The Lion in Your Back Yard

It always amazes and frustrates me when I hear people go off about dandelion.  How has this attractive and useful plant become public enemy #1 at the garden center?  Okay, granted, those puffballs are an incredible seed dispersal system and they don’t always disperse where you might want them.  And I have to admit the root system on a dandelion is an engineering marvel.  But look at what else a dandelion has to offer.

Inexpensive children’s toy…At some point in your life you probably plucked a dandelion flower and held it under a chin as a serious survey on butter loving.  Or alternatively, plucked a dandelion puffball and sent the seed heads soaring.  English children used to use a dandelion to tell time.  The hour of the day was determined by either how many times they had to blow on the puffball to scatter all the seeds or how many seeds remained after giving it one good huff…hence, some of its alternative names such as doonhead clock and fairy clock.

Dandelion leaves are a nutritionally rich food, high in calcium, magnesium, iron, vitamins A and C.  3.5 ounces of dandelion leaves have more vitamin A then the same quantity of carrots.  They also have more potassium than bananas.  The leaves can be used as any other salad green, or sautéed or steams a la spinach.  They have recently become something of a foodie item and so you can usually find dandelion greens at the local farmer’s market or possibly the specialty produce section of your store.  If you decide to collect them yourself, choose greens that you are certain have not been sprayed (see rabid gardener comment above), that are not along a road where car and road pollutants are a factor, and that you collect them only in the early spring when they are young and tender.  Dandelion leaves tend to toughen up and get progressively bitter through the growing season.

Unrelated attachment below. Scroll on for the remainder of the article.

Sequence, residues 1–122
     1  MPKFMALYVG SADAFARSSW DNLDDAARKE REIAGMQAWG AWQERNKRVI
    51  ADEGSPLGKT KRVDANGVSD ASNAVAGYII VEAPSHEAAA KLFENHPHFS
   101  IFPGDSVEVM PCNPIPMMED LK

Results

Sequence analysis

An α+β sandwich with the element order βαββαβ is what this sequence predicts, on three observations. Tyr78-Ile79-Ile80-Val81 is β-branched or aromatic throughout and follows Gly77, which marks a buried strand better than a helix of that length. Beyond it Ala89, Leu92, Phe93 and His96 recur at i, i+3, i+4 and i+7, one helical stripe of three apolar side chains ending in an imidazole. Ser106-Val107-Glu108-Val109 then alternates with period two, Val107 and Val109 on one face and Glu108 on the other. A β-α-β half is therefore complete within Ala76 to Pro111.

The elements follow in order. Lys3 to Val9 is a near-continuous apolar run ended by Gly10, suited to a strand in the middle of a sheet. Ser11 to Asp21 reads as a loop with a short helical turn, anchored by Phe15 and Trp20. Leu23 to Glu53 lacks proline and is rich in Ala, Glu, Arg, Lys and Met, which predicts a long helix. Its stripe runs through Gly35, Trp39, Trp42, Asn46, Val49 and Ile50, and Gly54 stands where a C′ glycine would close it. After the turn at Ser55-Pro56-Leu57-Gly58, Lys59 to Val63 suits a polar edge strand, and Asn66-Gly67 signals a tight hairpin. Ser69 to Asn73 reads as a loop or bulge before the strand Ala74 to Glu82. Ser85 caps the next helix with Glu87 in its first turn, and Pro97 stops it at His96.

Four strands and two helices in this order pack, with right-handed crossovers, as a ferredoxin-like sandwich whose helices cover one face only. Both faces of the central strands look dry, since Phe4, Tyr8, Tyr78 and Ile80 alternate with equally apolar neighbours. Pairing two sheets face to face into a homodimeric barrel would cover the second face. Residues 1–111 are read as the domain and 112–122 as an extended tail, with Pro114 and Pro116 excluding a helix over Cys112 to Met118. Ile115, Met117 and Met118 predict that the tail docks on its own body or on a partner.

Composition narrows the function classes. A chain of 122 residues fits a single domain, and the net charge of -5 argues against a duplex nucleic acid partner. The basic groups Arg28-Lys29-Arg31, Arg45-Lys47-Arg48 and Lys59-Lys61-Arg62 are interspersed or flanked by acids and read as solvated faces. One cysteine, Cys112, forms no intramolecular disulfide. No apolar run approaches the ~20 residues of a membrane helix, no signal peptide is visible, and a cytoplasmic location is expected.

This brings me to another valuable aspect of dandelion…its medicinal properties.  All parts of dandelion are used medicinally.  It is traditionally used as a chologogue, diuretic, bitter and tonic.  The high potassium content of dandelion is a key in its use as a potassium sparing diuretic.  Other compounds in dandelion include sesquiterpene lactones, phenolic acids, flavonoids, coumarins, triterpenes, carotenoids, phytosterols, and inulin.  Two 2010 studies looked at the effectiveness of dandelion (Taraxacum officinale) on liver toxicity.  The researchers in one study determined that dandelion offered protective effects against alcohol induced liver damage in vivo by elevating antioxidative potentials and decreasing lipid peroxidation.  The other study supported the conclusion that dandelion offered protective effects but focused specifically on the role of the sesquiterpene lactones in the plant.  Dandelion is stimulating to liver function and bile production.  As a digestive, the mild bitterness of the leaves is beneficial to digestion when used as a food, or taken as a tincture or cordial before a meal.  Dr. George F. Collier writing about dandelion in 1843 in The Lancet said “The great objection to its use will be that it costs nothing, and may be made by everyone, without pharmaceutical mystery or expense”.

With all this going for it, why would anyone object to a dandelion?  So next time, you see a spring dandelion, make a salad.  In the summer, enjoy the blaze of golden yellow.  Rejoice that it is providing food for the birds, mice and other animals, and for bees and insects at times when other flowers are not blooming.

 References 

 

Gladstar R. 2001. Family Herbal: A Guide to Living Life with Energy, Health, and Vitality. North Adams MA: Storey Books.

Kane CW. 2009. Herbal Medicine: Trends and Traditions. Lincoln Town Press.

Lust JB. 1974. The Herb Book. New York NY: Bantam Books.

Mahesh A, Jeyachandran R, Cindrella L, Thangadurai D, Veerapur VP, Muralidhara Rao D. Hepatocurative potential of sesquiterpene lactones of Taraxacum officinale on carbon tetrachloride induced liver toxicity in mice. Acta Biologica Hungarica. 2010 Jun;61(2):175-90.

Sanders J. 2003. The Secrets of Wildflowers: A Delightful Feast of Little-Known Facts, Folklore, and History. Guilford CT: The Globe Pequot Press.

You Y, Yoo S, Yoon HG, Park J, Lee YH, Kim S, Oh KT, Lee J, Cho HY, Jun W. In vitro and in vivo hepatoprotective effects of the aqueous extract from Taraxacum officinale (dandelion) root against alcohol-induced oxidative stress. Food Chemistry Toxicology. 2010 Jun;48(6):1632-7.

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